I think all Christians agree that:
1. God cannot do evil - His nature is to be Good - this is a Good God
2. God cannot do anything illogical, self-contradicting
So all Christians have a concept of God that is somewhat bounded, somewhat limited - and this applies even to the God of Classical Theology who is conceived as almighty, omnipotent, all-knowing and present in all places.
What is relatively neglected - and in a way which may be harmful - is that God is also limited by free will; He cannot violate human free will - humans are autonomous agents of will - centres of choice.
God awaits the result of Man's free will - God can plan up to that point, and from that point; and mobilizes incomprehensible and effectively-infinite power up to and beyond that point - but Man's free will stands apart from this.
The whole plan of salvation, the sacred history of Scripture, is predicated on this - on the fact that Men must choose, that their choice is real; and only because Men can choose, and because their choices are real is it just for the consequences of these choices to be treated as Good or evil (virtuous or sinful).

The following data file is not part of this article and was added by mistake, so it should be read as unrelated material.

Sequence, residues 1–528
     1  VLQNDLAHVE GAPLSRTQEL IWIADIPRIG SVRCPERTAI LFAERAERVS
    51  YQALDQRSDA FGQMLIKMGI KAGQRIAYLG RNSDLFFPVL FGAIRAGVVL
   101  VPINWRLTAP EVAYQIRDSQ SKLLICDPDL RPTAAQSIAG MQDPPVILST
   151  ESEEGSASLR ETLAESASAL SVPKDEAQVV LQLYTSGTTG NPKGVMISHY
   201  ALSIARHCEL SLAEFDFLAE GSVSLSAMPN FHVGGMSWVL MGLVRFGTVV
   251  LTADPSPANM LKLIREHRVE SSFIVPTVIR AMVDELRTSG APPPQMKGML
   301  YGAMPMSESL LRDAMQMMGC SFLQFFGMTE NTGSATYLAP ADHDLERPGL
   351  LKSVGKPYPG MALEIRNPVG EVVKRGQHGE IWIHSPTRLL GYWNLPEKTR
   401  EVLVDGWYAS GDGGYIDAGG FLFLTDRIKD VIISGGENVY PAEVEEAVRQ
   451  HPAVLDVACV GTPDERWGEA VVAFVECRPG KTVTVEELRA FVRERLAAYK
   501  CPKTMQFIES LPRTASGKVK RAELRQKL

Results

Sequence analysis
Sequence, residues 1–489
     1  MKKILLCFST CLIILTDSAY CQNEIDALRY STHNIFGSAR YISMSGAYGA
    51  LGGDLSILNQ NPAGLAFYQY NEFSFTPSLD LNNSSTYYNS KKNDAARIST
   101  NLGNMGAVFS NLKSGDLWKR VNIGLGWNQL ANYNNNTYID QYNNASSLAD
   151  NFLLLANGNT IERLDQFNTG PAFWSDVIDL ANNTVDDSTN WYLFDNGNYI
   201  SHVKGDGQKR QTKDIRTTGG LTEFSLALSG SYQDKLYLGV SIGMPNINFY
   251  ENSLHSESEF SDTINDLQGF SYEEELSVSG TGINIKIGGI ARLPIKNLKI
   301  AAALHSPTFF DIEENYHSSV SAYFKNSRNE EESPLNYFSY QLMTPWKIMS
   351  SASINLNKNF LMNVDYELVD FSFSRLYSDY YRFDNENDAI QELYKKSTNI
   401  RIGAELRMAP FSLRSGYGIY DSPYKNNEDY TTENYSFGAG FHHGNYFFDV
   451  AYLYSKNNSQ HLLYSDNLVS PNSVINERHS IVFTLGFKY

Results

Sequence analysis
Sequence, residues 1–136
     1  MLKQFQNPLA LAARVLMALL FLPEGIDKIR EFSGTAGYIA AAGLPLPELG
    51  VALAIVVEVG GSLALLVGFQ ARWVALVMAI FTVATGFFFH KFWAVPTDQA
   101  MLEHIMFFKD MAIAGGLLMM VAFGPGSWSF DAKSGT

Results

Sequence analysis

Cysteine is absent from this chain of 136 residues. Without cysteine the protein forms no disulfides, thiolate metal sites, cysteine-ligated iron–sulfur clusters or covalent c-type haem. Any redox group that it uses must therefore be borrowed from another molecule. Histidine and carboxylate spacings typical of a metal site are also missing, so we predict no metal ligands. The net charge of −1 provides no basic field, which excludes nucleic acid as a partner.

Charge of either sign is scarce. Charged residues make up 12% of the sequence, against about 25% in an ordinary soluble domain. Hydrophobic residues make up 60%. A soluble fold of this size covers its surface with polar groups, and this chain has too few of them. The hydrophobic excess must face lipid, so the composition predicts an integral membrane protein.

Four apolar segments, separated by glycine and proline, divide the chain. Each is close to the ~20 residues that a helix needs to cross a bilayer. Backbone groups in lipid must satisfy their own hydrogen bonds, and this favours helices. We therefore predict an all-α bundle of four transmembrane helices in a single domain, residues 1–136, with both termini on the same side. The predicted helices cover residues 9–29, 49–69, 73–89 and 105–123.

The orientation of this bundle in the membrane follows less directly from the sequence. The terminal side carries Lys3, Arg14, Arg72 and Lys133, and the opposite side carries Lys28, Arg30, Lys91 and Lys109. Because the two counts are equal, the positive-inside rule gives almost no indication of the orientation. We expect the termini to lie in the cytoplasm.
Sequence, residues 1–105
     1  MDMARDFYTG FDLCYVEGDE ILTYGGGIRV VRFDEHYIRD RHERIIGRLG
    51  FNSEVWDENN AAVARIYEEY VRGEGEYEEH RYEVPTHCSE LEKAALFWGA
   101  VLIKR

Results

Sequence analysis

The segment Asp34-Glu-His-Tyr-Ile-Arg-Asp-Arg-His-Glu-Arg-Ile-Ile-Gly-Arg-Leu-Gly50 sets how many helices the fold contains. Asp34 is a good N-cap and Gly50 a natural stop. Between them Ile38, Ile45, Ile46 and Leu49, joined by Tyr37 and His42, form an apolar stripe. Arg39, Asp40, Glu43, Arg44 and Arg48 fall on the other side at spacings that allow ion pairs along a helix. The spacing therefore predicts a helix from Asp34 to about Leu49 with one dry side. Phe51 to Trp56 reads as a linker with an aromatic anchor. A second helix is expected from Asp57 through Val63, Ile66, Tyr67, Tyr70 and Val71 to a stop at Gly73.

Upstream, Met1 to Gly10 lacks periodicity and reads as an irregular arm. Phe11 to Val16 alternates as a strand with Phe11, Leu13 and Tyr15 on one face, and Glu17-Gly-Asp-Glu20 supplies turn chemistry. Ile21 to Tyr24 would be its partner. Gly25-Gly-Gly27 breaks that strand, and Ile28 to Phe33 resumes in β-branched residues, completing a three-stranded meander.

Thus we should add a third limit on what God can do - God cannot violate Man's free will.
These constraints can be expressed as what God must do, as well as what He cannot do.
1. God must be Good
2. God must be rational
3. God must work with Man's free will, must take account of the consequences of Man's agency.
This fact of Man's agency and free will is treated as theologically controversial, and indeed it may be theologically difficult to explain - but it needs to be accepted upfront and explicitly that what we are doing in life is the real thing - that our reflections and decisions are truly and ultimately our own - that we are responsible (awesomely responsible) for our lives.